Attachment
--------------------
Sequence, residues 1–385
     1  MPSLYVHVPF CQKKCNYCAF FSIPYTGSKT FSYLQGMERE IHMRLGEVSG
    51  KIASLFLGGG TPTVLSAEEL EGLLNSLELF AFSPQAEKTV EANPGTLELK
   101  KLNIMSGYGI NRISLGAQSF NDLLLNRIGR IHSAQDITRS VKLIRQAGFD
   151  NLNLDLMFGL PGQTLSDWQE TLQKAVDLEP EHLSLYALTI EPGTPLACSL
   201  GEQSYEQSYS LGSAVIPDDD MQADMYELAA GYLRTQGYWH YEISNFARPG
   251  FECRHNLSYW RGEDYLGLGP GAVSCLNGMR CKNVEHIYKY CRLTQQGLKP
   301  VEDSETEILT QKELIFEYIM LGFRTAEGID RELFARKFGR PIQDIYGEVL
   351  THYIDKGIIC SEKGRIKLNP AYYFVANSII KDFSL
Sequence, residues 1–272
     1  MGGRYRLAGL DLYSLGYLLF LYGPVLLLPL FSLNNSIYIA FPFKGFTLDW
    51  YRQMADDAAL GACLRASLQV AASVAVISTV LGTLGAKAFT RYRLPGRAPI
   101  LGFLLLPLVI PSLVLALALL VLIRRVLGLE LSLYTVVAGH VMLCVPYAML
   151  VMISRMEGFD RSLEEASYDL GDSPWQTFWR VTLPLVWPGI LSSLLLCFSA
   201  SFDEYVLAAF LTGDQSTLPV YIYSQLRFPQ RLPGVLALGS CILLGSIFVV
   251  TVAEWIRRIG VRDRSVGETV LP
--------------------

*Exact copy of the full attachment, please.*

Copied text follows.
Sequence, residues 1–385
     1  MPSLYVHVPF CQKKCNYCAF FSIPYTGSKT FSYLQGMERE IHMRLGEVSG
    51  KIASLFLGGG TPTVLSAEEL EGLLNSLELF AFSPQAEKTV EANPGTLELK
   101  KLNIMSGYGI NRISLGAQSF NDLLLNRIGR IHSAQDITRS VKLIRQAGFD
   151  NLNLDLMFGL PGQTLSDWQE TLQKAVDLEP EHLSLYALTI EPGTPLACSL
   201  GEQSYEQSYS LGSAVIPDDD MQADMYELAA GYLRTQGYWH YEISNFARPG
   251  FECRHNLSYW RGEDYLGLGP GAVSCLNGMR CKNVEHIYKY CRLTQQGLKP
   301  VEDSETEILT QKELIFEYIM LGFRTAEGID RELFARKFGR PIQDIYGEVL
   351  THYIDKGIIC SEKGRIKLNP AYYFVANSII KDFSL
Sequence, residues 1–272
     1  MGGRYRLAGL DLYSLGYLLF LYGPVLLLPL FSLNNSIYIA FPFKGFTLDW
    51  YRQMADDAAL GACLRASLQV AASVAVISTV LGTLGAKAFT RYRLPGRAPI
   101  LGFLLLPLVI PSLVLALALL VLIRRVLGLE LSLYTVVAGH VMLCVPYAML
   151  VMISRMEGFD RSLEEASYDL GDSPWQTFWR VTLPLVWPGI LSSLLLCFSA
   201  SFDEYVLAAF LTGDQSTLPV YIYSQLRFPQ RLPGVLALGS CILLGSIFVV
   251  TVAEWIRRIG VRDRSVGETV LP